(This is a follow-up to Friday’s list of five people outside journalism that all journalists should read.)
I will forever be in Jim Romenesko‘s debt for a number of reasons.
- First, he’s a great read, reporting as he does every last scrap of news about the journalism biz.
- Second, he’s wicked fast, an example many of our local market reporters could still learn from. If there’s a document that has news, he doesn’t rewrite it — he links to it (or reproduces it whole). The joke is that he’s already published the internal memo before the publisher has finished writing it.
- Third, for about a year in the early 2000s, he was my handy answer to any reporter or editor who asked, with clear disgust at the word, “What’s a blog?” Instead of spending ten minutes explaining the blogger ethos, I’d just start out with, basically, “You’re soaking in it!” by pointing out that the venerable Romenesko “page” or “site,” as it was called, was essentially a very robust and well-done linkblog. From that point, the conversation was much simpler.
But one thing I’ve always wished was that he would open up his stable of industry types that he’d quote or link to. For every Howard Kurtz or David Carr, there are dozens of other industry thinkers, some writing and saying quite interesting things.
That’s not to say that the voices in Mister Romenesko’s Neighborhood haven’t grown in number in recent years. If I were writing this in 2007, I’d be complaining about the absence of Jeff Jarvis, Mark Potts, Alan Mutter and the incomparable Jay Rosen, NYU professor (one day of his @jayrosen_nyu Twitter feed features a week of challenging ideas), all of whom are featured with some regularity now on the premier industry blog.
But, never being satisfied, here are a five writers I wish were exposed more frequently to the newsrooms of America:
1. Morris Digital’s Steve Yelvington has been striving mightily to get newspapers to look over the horizon for years. So it’s no surprise that his recent posts, while acknowledging our current sour turn, often focus on ideas for how to move forward. For instance, he’s been offering a peek behind the curtain as his team moves Morris’s Jacksonville.com from a legacy system to a home-brewed Drupal solution more attuned to the needs of readers. Also, his post from December, Explaining Twitter to journalists, is a great elevator pitch to colleagues for using Twitter as a listening tool: “It’s like a big caffeine party. Everybody’s talking at once. Really fast. But you have magic ears.”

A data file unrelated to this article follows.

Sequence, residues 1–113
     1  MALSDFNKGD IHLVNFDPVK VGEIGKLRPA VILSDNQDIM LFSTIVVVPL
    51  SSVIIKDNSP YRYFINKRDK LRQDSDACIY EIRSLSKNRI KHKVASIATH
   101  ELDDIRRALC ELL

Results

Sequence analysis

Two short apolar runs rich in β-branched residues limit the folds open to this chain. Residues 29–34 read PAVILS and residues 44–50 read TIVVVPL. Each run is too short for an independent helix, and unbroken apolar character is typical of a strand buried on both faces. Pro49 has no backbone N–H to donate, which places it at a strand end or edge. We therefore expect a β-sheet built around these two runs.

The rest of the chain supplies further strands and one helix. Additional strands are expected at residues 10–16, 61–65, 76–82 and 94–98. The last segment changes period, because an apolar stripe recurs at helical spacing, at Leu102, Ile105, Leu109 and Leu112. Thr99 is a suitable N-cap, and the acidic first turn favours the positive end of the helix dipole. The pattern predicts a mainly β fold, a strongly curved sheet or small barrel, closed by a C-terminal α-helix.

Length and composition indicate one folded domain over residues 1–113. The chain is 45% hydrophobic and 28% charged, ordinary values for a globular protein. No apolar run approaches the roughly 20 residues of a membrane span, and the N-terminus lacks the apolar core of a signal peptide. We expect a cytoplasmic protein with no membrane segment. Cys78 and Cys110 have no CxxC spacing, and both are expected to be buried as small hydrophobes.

2. Roy Greenslade, the media columnist for the UK Guardian, offers the view from Blighty. He’s prolific, occasionally maddening, and always a good read. I like that he gets me out of my US-centric view of the journalism business. Bonus points for working at a paper that got blogging and other social media while many news organizations here in the US were still refusing to utter the words.
3. Terry Heaton, a former TV producer and current “blogger for hire” at Audience Research & Development, focuses on the emergence of newer, more participative forms of media. In his essay “2009: The Great Beginning,” he uses the example of Kodak’s reinvention in recent years as a beacon of hope for the news business:
Kodak embraced the disruption that was decimating its film business. The company is riding the disruption into the future by never looking back at the “good old days.” It did not come without real pain, however, for reinvention has no respect for those who fight or otherwise refuse the future it offers, nor does it — or can it — concern itself with the unfortunate souls who are, through no fault of their own, caught in its need to save the many at the expense of the few. Note that 60 percent of Kodak’s workforce wasn’t there four years ago.
It’s like that when customers demand something other than what they’ve been getting.
4. Paul Gillin is a double-threat, with two essential blogs. The first, Newspaper Death Watch, is a chronicle, not a celebration, with solid reporting and analysis about the death throes of the old ways, and the shoots of new life that are appearing amid the carnage. His other blog is simply PaulGillin.com, where he reports on the growth of social media. And he writes books. Because writing two high-volume blogs apparently leaves him with entirely too much free time on his hands.
5. As I wrote elsewhere recently, Gina Chen is really no different than the thousands of journalists in newsrooms around the country, trying to make sense of where the news business is heading. Except this: She’s doing something to help her colleagues along. In her Save The Media blog, she’s been presenting a comprehensive course of steps that reporters and editors can take to be sure that their journalism is ready for the post-paper era. Chen isn’t wringing her hands; she’s pointing the way.
So that’s five. The list clearly could be a lot longer. Who did I miss? Who else should more journalists be reading on a daily basis? Add them in the comments.